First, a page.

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Alioramus altai

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Alioramus altai - Not all tyrannosaurids had boxy heads...also, it's NOT a baby T. bataar


Temporal range: Late Cretaceous, Maastrichtian, ~70-65.5 Ma

Length: ~5-6 metres
Probable mass: ~650-700 kilograms

Etymology: Different branch from the Altai Mountains


Alioramus
is a genus of tyrannosaurid theropod dinosaur from the Late Cretaceous period of Asia. It is known from two species, A. remotus and A. altai. The second species, A. altai, known from a much more complete skeleton than A. remotus, was named and described by Stephen Brusatte and colleagues in 2009.
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Yes, tyrannosaurs were most likely feathered, get over it, lizard-like-tyrannosaur fanatics...

Based on :icongetawaytrike:'s Alioramus
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UPDATE(5/15/2016): A complete remake. Cured of shrinkwrapping and overfeathering, and the broken wrists have been healed.
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UPDATE(10/15/2016): Fully lipped
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Comments23
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JonaGold2000's avatar
Nobody really thinks Alioramus is a juvenile Tarbosaurus, that's Maleevosaurus's job
SpinoInWonderland's avatar
IIRC, Currie et al. 2003 suggested that it could be a juvenile Tarbosaurus.
SpinoInWonderland's avatar
Nobody now thinks that because it's been falsified by the newer discoveries.

That was a hypothesis made back when it's phylogenetic relationships were unclear, and before A. altai was discovered.
StanleyRabbid's avatar
keesey's avatar
Cool -- a lot of your work would translate very easily into silhouettes, if you ever felt like submitting here: phylopic.org/
ZeWqt's avatar
Nice deviation! But there is a mistake in your Alioramus!
ZeWqt's avatar
Exactly! Their hands were oriented a bit like if they want to clap their hands. I also don't think that multi tons Tyrannosaurids didn't have a feathery coat, but just small patches of feathers, maybe for display, but for a Tyrannosaur as Alioramus, this feathering is great.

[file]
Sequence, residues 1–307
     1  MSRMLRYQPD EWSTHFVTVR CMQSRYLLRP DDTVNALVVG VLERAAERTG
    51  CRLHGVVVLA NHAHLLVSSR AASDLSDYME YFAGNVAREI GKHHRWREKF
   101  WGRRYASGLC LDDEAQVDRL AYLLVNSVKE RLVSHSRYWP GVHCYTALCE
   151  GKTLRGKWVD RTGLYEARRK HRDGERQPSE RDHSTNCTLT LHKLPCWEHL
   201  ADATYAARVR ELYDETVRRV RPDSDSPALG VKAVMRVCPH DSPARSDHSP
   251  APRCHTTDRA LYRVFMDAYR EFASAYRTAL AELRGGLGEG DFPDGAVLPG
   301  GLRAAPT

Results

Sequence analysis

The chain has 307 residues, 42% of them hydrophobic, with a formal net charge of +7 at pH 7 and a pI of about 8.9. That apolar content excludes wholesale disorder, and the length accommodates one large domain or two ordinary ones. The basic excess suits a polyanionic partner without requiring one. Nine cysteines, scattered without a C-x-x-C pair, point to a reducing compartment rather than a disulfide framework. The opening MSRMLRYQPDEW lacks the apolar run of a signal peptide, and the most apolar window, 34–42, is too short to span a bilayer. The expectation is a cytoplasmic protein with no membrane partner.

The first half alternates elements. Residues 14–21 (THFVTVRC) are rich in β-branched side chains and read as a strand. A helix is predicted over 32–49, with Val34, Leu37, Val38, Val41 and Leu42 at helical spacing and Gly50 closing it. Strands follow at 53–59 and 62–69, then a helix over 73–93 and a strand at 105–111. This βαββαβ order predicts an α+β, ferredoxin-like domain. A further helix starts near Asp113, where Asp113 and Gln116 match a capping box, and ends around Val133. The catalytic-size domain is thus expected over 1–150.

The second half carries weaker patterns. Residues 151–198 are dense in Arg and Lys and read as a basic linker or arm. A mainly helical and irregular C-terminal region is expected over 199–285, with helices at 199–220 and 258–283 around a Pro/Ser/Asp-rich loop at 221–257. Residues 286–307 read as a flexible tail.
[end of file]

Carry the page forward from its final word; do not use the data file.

SpinoInWonderland's avatar
Yeah, the skeletal that I referenced seemed a bit inaccurate, but I wasn't focused on that, and was more focused on the feathers. Let's just say that it got it's hand dislocated by interspecific/intraspecific conflict though :D
ZeWqt's avatar
Ouch! Oh, if you want, you can see a theory about the difference of feathering on a a species here [link] it's a picture that I made using SPORE Galactic Adventures.
SpinoInWonderland's avatar
That theory is entirely possible. You can see quite some differences between subspecies of any animal today.
SFulmo's avatar
I like the feathers, I'll admit I can't draw feathers at all...
Tyrannosaurs actually look better in feathers :D
SpinoInWonderland's avatar
Yeah, it's a shame that people diss feathered tyrannosaurs in favor of their beloved Jurassic Park Tyrannosaurus! They look far better when feathered, too bad people sometimes call them giant turkeys...
SFulmo's avatar
Well so far I haven't come across people doing that, this isn't youtube :clap:.
SpinoInWonderland's avatar
I have come across people like that irl though...
SFulmo's avatar
I see... I just realized your brolyeuphyfusion from Carnivora :O...
SpinoInWonderland's avatar
JWArtwork's avatar
This is a very good reconstruction of Alioramus, certainly amongst the better ones I've seen! :nod:
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